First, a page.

Ethics and Professionalism in Pharmacy Profession

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Ethics and Professionalism
Michael Montagne, PhD Robert L McCarthy, PhD

The quest to construct systematically an ethical framework for Western civilization was begun over 2000 years ago by Socrates. He approached ethics as a science, as being “governed by principles of universal validity, so that what was good for one was good for all, and what was my neighbor’s duty was my duty also.”1 However, acceptance of the Socratic approach has proved burdensome. After 2000 years of effort, humankind universally adheres to not even one ethical principle. No set of ethical principles, no matter how carefully thought out or how well constructed, can provide the individual professional with guidance for each decision about clients, peers, or society. There are people who believe that because each situation is different, each decision requires separate analysis of possible outcomes from different actions and the weighing of right and wrong. Regardless of one’s stance or approach, however, the health professional in today’s society needs continual selfexamination of professional duties and ethical principles to be prepared for the conflicts and dilemmas they will face.

“They may at least act as rules-of-thumb for handling easy cases. They may at least summarize ethical reasoning that has gone before by others who have found themselves in somewhat similar situations. They may at least serve as guidelines for formulating thinking about the problem at hand.”4

In this discussion, professional ethics is used only to denote “the profession’s interpretation of the will of society for the conduct of the members of that profession augmented by the special knowledge that only the members of the profession possess.”2 In other contexts, the term might be used to denote those ethical principles to which society believes any individual claiming professional status should subscribe. What is to be gained by development of a set of ethical principles, or a code of ethics (Fig 31), by a profession to which it expects its members to abide? First, a code of ethics makes the decision-making process more efficient. In opposition to situational ethicists, Veatch claims: Yet if those who must resolve the ever-increasing ethical dilemmas in medicine—including patients, family members, physicians, nurses, hospital administrators, and public policy-makers—treat every case as something entirely fresh, entirely novel, they will have lost perhaps the best way of reaching solutions: to understand the general principles of ethics and face each new situation from a systematic ethical stance.3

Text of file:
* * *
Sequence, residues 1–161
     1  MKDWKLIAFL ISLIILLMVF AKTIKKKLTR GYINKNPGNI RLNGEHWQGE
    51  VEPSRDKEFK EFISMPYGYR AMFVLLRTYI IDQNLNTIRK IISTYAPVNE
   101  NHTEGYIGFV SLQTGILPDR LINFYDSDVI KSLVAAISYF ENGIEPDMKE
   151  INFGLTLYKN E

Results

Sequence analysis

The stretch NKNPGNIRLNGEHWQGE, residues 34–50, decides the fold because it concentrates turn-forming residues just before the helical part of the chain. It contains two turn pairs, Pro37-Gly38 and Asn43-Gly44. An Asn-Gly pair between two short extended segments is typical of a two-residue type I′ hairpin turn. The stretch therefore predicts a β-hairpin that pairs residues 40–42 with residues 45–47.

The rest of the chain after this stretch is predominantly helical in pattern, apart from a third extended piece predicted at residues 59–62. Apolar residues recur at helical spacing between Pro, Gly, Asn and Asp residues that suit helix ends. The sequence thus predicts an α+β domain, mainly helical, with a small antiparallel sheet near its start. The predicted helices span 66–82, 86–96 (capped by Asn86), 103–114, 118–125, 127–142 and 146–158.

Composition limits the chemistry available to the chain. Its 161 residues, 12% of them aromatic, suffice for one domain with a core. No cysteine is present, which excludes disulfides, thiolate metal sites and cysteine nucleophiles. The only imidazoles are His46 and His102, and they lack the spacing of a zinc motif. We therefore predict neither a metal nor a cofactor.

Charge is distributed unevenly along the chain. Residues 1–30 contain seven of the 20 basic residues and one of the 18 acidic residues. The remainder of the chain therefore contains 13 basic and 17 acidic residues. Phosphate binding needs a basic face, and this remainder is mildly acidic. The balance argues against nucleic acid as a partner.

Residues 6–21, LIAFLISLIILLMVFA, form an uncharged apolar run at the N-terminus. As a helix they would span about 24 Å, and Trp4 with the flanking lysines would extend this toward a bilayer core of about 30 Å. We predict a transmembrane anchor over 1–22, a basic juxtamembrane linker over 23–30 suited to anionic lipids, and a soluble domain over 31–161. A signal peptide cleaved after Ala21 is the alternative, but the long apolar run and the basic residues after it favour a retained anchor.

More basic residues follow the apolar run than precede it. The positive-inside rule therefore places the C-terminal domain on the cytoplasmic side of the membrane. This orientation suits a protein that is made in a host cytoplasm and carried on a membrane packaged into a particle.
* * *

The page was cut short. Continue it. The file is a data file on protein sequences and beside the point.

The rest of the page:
Second, individual professionals occasionally may need guidelines for directing their professional behavior. Each decision made by a professional requires calling upon a store of technological information as well as the individual’s own sense of right and wrong. Almost assuredly, all professionals will be confronted with situations that they have never considered in great detail. Where one can find no apparent theological or personal ethical principles to apply, one might turn to professional ethics for guidance. Finally, professional ethics establish a pattern of behavior that clients come to expect from members of the profession. Once a consistent pattern of behavior is discerned by clients, they expect that behavior to remain constant, and their expectations become part of the relationship they establish with the professional. To better understand the role of and necessity for ethics in professions, one must first look at the characteristics of professions.

The first characteristic of a professional is possession of a specialized body of knowledge; using this body of knowledge enables the practitioner to perform a highly useful social function. All lawful occupations provide some positive benefit to society and are based on specialized knowledge. The professions generally are more socially useful...
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